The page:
Congressional combatants must unite to fight plague of heroin abuse in America
Count on conflict, controversy and catfights to erupt anew this week when our nation’s enemy political animals sink their teeth into President Barack Obama’s proposed 2017 federal budget.
The president will toss out the red meat Tuesday in the form of a spending blueprint for the new fiscal year that begins Oct. 1. Expect gnashing of the teeth over an expected increase to $587 billion for military spending. Count on consternation over a proposed $10 per barrel fee for oil producers to finance infrastructure improvements. And anticipate anguish over a plan to require employers to enroll all workers into Individual Retirement Accounts.
But there is one compelling slice of the president’s budget pie previewed to the public last week that Republicans, Democrats and Independents alike should universally swallow and savor. That relatively tiny morsel of the overall $1 trillion-plus plan holds promise toward lessening what is arguably the nation’s most-pressing domestic crisis today: opiate and heroin abuse.
Obama’s plan targets $1.1 billion in federal revenue to a variety of treatment, prevention and enforcement initiatives designed to reverse the staggering levels of death and destruction opiate abuse has wrought upon our nation.
How serious is the epidemic? According to the Centers for Disease Control and Prevention, drug overdose ranks as the No. 1 cause of accidental death in the U.S., with 47,055 lethal drug overdoses in 2014. Of those, 18,893 were tied to opiates, mostly heroin.
Ohio is at the epicenter of that epidemic, with the number of heroin deaths ballooning more than 300 percent in the last eight years to about 20 per week today. In Trumbull County, heroin deaths in 2015 skyrocketed 50 percent over 2014 to 81, officials reported.
ACCENT ON PREVENTION, TREATMENT
Clearly, the plague of opioid and heroin abuse remains an ongoing cause for alarm and an urgent call to action.
The president’s proposal recognizes as much. It also illustrates that the scourge demands a concerted, unified and multifaceted battle. The initiative rightfully tackles the epidemic on two critical fronts: prevention and treatment.
Approximately $500 million would be used to expand overdose prevention programs for states, increase the availability of medication-assisted treatment, improve access to the overdose-reversal drug naloxone and support targeted law-enforcement activities.
The overarching element of the plan, however, focuses on expanding treatment. Most of the proposed new money – $920 million – would fund cooperative agreements with states to provide more drug-based treatment for opioid and heroin addictions. The money would be allocated based on the severity of a state’s problem. That means Ohio would be eligible for a significant chunk.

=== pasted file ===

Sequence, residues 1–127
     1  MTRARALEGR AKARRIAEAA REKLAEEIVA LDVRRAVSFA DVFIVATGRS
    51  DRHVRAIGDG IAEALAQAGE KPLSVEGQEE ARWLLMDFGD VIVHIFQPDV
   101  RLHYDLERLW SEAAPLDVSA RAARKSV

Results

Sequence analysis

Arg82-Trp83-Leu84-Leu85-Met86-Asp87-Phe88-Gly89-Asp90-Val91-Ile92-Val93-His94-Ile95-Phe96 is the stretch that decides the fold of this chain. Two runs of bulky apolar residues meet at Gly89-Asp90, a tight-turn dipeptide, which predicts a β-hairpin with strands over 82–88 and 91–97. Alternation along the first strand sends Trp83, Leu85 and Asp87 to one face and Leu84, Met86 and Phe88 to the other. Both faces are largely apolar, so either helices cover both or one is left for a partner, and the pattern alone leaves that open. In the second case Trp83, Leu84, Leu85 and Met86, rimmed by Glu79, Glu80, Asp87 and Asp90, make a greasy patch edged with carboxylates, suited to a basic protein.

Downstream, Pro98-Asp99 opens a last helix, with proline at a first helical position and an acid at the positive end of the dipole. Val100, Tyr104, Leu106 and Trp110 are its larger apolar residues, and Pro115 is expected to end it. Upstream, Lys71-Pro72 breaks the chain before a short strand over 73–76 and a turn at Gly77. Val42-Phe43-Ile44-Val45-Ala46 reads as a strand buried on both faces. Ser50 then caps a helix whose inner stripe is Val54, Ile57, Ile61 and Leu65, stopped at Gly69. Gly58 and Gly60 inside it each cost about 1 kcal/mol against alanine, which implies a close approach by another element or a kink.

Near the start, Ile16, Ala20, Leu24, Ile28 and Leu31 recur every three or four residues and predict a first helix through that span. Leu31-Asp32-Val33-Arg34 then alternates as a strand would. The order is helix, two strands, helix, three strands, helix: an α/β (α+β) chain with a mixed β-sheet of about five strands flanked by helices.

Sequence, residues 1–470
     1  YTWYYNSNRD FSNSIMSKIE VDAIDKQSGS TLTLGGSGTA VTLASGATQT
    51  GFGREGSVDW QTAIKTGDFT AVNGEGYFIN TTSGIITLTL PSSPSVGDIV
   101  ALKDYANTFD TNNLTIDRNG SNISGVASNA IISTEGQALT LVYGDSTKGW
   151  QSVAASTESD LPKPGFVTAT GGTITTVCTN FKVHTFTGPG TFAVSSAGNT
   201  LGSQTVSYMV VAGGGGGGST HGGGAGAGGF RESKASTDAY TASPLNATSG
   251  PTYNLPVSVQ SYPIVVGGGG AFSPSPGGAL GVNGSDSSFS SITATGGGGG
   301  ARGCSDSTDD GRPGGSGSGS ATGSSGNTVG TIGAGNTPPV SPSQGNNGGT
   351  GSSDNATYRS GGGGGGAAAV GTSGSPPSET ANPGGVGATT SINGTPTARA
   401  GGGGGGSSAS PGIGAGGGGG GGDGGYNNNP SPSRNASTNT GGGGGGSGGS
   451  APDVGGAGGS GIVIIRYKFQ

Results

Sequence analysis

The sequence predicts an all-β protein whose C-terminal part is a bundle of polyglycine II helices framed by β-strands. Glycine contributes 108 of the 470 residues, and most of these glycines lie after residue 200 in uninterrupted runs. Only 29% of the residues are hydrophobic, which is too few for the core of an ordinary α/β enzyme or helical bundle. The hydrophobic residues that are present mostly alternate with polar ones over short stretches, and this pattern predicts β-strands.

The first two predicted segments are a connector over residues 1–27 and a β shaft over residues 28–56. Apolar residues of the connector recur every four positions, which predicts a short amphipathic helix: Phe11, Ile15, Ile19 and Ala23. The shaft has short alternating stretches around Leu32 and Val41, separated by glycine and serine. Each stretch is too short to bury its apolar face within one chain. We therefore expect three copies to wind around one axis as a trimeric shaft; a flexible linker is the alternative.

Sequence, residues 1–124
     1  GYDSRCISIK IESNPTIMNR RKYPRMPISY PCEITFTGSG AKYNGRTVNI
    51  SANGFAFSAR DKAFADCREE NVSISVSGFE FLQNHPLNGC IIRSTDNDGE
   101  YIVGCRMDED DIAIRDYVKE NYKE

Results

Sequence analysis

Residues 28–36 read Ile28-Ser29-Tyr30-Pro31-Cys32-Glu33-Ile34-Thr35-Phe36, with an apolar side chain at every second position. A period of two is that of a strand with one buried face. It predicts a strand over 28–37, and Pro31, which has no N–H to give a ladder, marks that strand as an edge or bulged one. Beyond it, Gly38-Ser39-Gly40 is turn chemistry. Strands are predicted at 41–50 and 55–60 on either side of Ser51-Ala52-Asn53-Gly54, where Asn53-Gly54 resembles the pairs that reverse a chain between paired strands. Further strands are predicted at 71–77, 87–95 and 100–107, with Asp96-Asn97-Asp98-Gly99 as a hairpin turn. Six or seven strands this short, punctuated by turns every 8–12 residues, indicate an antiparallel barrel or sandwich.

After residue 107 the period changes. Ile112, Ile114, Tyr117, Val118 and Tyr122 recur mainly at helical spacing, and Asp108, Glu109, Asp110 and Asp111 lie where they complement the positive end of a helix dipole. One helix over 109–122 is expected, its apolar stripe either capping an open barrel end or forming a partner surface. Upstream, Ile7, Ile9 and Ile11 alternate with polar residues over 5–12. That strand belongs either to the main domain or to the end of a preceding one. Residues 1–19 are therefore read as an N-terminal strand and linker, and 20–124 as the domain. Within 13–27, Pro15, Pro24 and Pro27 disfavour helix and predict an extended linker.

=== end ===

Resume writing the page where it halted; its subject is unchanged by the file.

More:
That heavy focus on treatment clearly is not misdirected. In its first year of operation, First Step, Trumbull County’s first stand-alone center for fighting the heroin epidemic, has been inundated with more than 1,000 clients.
Elsewhere in the Valley, the state and the nation, waiting lists of weeks and months for comprehensive-treatment programs leave many potential beneficiaries in the cold.
Such was the case of a Youngstown woman who last summer pleaded with a judge to send her to jail as one viable way she possibly could kick the heroin habit.
The urgent need to improve, expand and speed up treatment options hasn’t been lost on the Buckeye State’s two members of the upper chamber of Congress. Sen. Sherrod Brown, D-Cleveland, has co-sponsored The Recovery Enhancement for Addiction Treatment Act to greatly expand the number of heroin-addicted patients that one physician can treat. On the other side of the aisle, Sen. Rob Portman, R-Cincinnati, is pushing hard for passage this month of his Comprehensive Addiction and Recovery Act. It would provide a series of incentives and resources designed to encourage states and local communities to pursue a full array of proven strategies to combat heroin addiction.
That political partnership represents a microcosm of the larger bipartisan unity necessary to make greater inroads and save more lives. If ever there was a time when bold, public-spirited statesmanship was needed, it is now. Congressional unity on our president’s heroin-treatment initiative would represent a solid start toward enhancing our legislators’ statesmanship credentials and, most importantly, toward ebbing the tide of death and destruction the heroin plague continues to sweep in.